Eleven new tenure-track faculty members representing a broad range of disciplines will be joining Macalester in the coming months. They are: Jill Fish, Psychology; Suhas Arehalli, Computer Science; Elizabeth Engle, Economics; Taylor Okonek, Statistics; Sumeet Patwardhan, Philosophy; Jean-Marie Maddux, Psychology (Neuroscience); Phil Rivera, Biology; Rothin Datta ‘16, Political Science; Myrl Beam, Women’s, Gender, and Sexuality Studies; Stotra Chakrabarti, Biology; and Lela Pierce ‘08, Art and Art History.
Professor Fish is a counseling psychologist who is focused on identity, human development and well-being, with a particular emphasis on Native people. Her most recent research examined the use of digital storytelling as an intervention tool to promote identity and wellness among Native people in Minneapolis, Saint Paul and Duluth. She also focuses on Indigenous strength-based research that looks at how to support resilience among Native populations. Dr. Fish will be teaching courses on cultural psychology and Indigenous healing and well-being. She grew up on the Tuscarora Nation outside of Niagara Falls, New York and earned her doctorate in counseling psychology from the University of Minnesota, her MA in mental health counseling at the University at Buffalo, and her BA in psychology and philosophy from Niagara University.
Professor Arehalli is a computer scientist whose work intersects with three fields of study: psychology, linguistics, and computer science, particularly artificial intelligence and natural language processing. His current research focuses on properties of languages called syntactic constraints, which are essentially rules about how we structure language that have nothing to do with meaning. Dr. Arehalli’s work aims to understand how humans learned those rules and compares that to how artificial systems learn them in order to understand the kinds of structures that we build to achieve that capacity. He will be teaching courses in the core computer science curriculum, including data structures and algorithms, as well as courses on natural language processing and computational and cognitive modeling. From Twentynine Palms, Calif., Dr. Arehalli earned his MA and Ph.D in cognitive science from Johns Hopkins University and his BS in computer science and mathematics from University of California, San Diego.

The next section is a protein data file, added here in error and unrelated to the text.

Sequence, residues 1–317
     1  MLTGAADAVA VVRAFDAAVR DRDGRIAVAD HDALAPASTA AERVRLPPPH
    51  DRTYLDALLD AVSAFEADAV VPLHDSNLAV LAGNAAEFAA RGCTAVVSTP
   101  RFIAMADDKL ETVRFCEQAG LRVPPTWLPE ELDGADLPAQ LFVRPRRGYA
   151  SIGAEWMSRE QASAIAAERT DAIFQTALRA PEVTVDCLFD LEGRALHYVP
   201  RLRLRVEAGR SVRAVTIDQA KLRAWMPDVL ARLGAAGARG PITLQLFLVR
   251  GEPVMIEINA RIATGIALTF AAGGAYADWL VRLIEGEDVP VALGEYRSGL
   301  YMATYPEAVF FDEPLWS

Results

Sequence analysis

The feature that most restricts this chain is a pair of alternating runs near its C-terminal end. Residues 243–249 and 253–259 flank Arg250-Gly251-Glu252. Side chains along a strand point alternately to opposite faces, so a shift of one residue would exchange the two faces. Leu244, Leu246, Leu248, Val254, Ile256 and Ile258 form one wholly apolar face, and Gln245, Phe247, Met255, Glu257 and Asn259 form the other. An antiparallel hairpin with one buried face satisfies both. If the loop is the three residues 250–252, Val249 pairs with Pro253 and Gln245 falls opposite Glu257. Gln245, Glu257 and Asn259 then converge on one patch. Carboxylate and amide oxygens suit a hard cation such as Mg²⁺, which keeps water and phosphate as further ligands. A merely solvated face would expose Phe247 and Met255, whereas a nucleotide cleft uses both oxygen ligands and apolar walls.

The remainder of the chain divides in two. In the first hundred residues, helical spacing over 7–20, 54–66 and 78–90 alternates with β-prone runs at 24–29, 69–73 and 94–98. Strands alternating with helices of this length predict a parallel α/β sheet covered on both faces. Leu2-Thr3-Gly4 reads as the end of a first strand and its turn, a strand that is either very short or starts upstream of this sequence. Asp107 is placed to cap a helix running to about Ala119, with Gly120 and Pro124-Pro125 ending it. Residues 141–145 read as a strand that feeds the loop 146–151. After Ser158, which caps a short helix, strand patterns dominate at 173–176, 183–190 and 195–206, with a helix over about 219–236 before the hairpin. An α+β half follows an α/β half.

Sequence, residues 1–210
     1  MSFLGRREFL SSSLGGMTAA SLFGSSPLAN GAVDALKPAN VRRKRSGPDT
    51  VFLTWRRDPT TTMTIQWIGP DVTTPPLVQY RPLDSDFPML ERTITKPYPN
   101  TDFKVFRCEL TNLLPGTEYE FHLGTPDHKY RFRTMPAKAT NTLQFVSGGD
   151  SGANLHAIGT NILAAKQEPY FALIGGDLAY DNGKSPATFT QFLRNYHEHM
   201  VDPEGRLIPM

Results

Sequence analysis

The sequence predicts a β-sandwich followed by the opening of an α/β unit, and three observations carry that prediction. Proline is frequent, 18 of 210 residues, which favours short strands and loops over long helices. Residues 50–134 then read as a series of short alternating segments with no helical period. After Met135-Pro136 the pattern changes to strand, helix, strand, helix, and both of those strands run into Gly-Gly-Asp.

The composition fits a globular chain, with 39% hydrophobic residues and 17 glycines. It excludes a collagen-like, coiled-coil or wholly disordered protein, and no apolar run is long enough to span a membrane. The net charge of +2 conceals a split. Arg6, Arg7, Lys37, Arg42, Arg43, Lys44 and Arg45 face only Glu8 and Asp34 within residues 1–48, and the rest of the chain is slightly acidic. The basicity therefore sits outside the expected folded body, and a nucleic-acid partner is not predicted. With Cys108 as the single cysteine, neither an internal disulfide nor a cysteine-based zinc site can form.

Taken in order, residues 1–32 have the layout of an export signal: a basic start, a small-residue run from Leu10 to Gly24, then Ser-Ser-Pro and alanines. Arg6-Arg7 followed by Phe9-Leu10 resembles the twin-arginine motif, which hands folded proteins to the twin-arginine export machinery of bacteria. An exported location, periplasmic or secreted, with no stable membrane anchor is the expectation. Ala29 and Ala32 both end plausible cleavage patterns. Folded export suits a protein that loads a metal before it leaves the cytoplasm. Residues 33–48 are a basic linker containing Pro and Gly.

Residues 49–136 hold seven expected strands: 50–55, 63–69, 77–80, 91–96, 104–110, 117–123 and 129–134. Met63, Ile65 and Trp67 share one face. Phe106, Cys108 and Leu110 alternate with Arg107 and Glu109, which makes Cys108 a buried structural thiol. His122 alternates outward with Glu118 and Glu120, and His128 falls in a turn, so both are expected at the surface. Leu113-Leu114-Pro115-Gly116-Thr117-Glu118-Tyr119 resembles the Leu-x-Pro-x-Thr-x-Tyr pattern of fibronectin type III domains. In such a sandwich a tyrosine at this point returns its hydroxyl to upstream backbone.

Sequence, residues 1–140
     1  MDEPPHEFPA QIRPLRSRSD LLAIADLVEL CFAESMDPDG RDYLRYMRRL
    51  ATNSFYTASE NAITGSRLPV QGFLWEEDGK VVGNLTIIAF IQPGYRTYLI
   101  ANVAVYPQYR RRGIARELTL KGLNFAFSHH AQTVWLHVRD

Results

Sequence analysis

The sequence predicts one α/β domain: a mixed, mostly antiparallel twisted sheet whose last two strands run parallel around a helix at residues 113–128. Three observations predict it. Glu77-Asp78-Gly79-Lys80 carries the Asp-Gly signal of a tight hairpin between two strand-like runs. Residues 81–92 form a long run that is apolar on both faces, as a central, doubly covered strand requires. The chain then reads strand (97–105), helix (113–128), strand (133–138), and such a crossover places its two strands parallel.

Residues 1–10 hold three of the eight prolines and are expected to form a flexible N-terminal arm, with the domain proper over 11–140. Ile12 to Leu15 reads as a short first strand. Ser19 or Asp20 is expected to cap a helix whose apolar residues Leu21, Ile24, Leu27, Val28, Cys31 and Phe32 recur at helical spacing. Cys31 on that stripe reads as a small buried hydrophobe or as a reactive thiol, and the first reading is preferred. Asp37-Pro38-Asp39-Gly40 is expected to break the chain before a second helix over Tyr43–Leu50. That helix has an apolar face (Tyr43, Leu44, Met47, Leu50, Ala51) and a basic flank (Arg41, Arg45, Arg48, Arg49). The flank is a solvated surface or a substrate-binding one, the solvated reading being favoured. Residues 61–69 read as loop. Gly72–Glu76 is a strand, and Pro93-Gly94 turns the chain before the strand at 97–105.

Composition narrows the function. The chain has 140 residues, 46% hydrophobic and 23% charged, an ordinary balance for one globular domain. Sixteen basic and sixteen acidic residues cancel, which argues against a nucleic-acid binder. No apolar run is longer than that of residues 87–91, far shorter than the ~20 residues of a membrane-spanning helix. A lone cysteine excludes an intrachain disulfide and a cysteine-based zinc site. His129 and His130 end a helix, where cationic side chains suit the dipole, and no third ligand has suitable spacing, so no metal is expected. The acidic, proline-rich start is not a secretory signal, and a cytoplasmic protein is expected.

Professor Engle is an expert in labor and public economics who studies the efficacy of programs and policies aimed at improving the lives of low-wage workers in the U.S. Her most recent research examined the 2013 expansion of the Fair Labor Standards Act to include protections for home care aides and how it affected workers, home care agencies, and older adults receiving care. Dr. Engle plans to teach Principles of Economics, as well as an overview of labor economics in the U.S called Working in America. She grew up in Dayton, Ohio and Aurora, Colorado and earned her BA in classics at Davidson College and her Ph.D in economics at Harvard University, where she received six Certificates of Distinction in Teaching.